The practice of law is an exciting and challenging domain of intellectual, emotional, and physical engagement. While the intellectual rigors of law practice are obvious, the emotional and physical aspects can be underestimated. High rates of anxiety, depression, eroded relationships, and substance abuse speak to the emotional toll that the practice of law can exact from highly competent and thoughtful lawyers, and exhaustion, poor health, and physical ailments speak to its physical costs. At the same time, the challenging and rapidly changing landscape of our global community, society, and the legal profession require that lawyers are not only intellectually, emotionally, and physically intact but also are able to thrive in the midst of high expectations, demanding hours, and a great deal of uncertainty.
Not surprisingly, law firms, legal organizations, the judiciary, and law schools are looking for ways of developing greater resilience among their members, both inoculating against the depleting effects of law practice and cultivating the skills and attributes that lead to superior performance and well-being. S. Rogers, What Do We Want: Mindfulness in Law, La. St. B.J. 268 (Dec. 2014); Rogers, S., Mindfulness in Law and the Importance of Practice, Fla. B.J. (Apr. 2016). Among the most notable avenues being explored is mindfulness, an age-old practice that modern science is revealing offers numerous cognitive, emotional, and physical benefits. A. Jha, Mindfulness Can Improve Your Attention and Health, Sci. Am. Mind (Mar., 2013).
Mindfulness in the Law
I have been sharing mindfulness with lawyers, judges, and law students for more than 20 years. Among the growing number of law firms embracing mindfulness, Berger Singerman LLP serves as a model for firms across the country, having offered mindfulness training sessions and programs to its team members, clients, and members of the legal community since 2013.
The following three-part practice exercise is one that I developed in collaboration with Berger Singerman’s executive leadership to be included in its Mindfulness and Performance Enhancement Program. The practice integrates mindfulness with its two close cousins, relaxation, and gratitude. As you’ll see, the exercise is easy to learn and can be practiced in as little as three minutes.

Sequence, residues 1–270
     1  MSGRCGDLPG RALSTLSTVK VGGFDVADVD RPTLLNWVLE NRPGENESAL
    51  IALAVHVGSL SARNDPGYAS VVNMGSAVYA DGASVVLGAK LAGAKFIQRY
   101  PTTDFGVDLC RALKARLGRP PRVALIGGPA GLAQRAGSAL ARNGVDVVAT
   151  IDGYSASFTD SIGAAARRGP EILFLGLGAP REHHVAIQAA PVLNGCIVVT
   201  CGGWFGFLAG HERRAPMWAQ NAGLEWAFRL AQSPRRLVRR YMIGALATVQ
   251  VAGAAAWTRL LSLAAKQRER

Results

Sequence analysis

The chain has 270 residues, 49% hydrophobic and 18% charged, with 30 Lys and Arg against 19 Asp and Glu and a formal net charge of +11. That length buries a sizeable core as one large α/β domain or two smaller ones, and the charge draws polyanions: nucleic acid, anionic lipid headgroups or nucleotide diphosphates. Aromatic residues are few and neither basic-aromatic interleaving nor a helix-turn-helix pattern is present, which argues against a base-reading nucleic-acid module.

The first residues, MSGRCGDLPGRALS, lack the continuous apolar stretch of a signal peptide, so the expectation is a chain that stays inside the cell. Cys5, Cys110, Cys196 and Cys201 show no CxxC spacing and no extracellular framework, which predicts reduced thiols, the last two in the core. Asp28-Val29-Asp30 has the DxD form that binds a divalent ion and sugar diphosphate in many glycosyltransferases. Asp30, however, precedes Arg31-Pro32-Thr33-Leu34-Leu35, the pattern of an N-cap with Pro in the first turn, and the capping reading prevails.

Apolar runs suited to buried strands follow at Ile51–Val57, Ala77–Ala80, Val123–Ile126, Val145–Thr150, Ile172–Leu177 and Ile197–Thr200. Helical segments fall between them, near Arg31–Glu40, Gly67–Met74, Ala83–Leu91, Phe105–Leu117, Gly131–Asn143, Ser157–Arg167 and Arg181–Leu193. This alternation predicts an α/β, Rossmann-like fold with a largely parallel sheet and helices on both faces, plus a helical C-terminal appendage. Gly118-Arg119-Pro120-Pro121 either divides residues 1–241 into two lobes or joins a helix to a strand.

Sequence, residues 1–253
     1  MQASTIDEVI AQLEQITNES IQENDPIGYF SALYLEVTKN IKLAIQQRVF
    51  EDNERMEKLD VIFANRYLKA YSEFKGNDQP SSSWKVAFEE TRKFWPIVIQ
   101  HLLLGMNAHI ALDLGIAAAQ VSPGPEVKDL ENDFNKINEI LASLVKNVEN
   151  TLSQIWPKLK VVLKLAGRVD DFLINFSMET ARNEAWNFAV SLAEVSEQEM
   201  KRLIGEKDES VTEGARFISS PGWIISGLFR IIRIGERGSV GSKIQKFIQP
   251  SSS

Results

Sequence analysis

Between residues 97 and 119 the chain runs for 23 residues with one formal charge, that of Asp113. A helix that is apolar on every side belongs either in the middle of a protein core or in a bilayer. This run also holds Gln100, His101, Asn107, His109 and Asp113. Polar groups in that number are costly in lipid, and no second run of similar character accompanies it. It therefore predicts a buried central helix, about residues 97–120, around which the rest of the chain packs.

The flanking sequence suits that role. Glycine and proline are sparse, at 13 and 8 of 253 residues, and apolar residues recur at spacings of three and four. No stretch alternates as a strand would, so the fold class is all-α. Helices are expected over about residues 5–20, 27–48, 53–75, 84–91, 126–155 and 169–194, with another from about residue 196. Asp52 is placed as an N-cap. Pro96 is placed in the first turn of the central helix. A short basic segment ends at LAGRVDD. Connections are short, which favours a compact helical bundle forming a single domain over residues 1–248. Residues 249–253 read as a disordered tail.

Relaxation, Mindfulness, and Gratitude Flow
The relaxation, mindfulness, and gratitude flow is designed to relax the body and steady the mind to more skillfully maintain focused attention and thereby experience less emotional reactivity. This allows for a more open and receptive stance to embrace a larger perspective and sense of connection. Research finds that each component stands on its own as a meaningful practice, with a growing interest in gratitude. Brought together, they offer a seamless exercise that, with a little practice, becomes second nature and can meaningfully reduce stress, transform the way you relate to the most challenging of people and circumstances, and enhance your overall well-being.
- Exhale fully as you bring your hands into lightly clenched fists.
- Inhale to the count of 4 as you open your hands and spread your fingers.
- Hold your breath to the count of 7 and stretch your fingers.
- Exhale fully to the count of 8 as you return your hands to lightly clenched fists.
- Close or lower your eyes and rest your hands on your lap or one in the other.
- Rest your attention on the breath (or to the sensations in and around your hands).
- Observe the sensations of breathing as air flows in and out of the body.
- When you notice your mind wandering, gently bring your attention back to the breath.
- Bring to mind something (or someone) for which you feel a sense of gratitude.
- Rest your attention on the object of your gratitude as you breathe.
- Offer an expression of thanks in whatever way makes sense to you.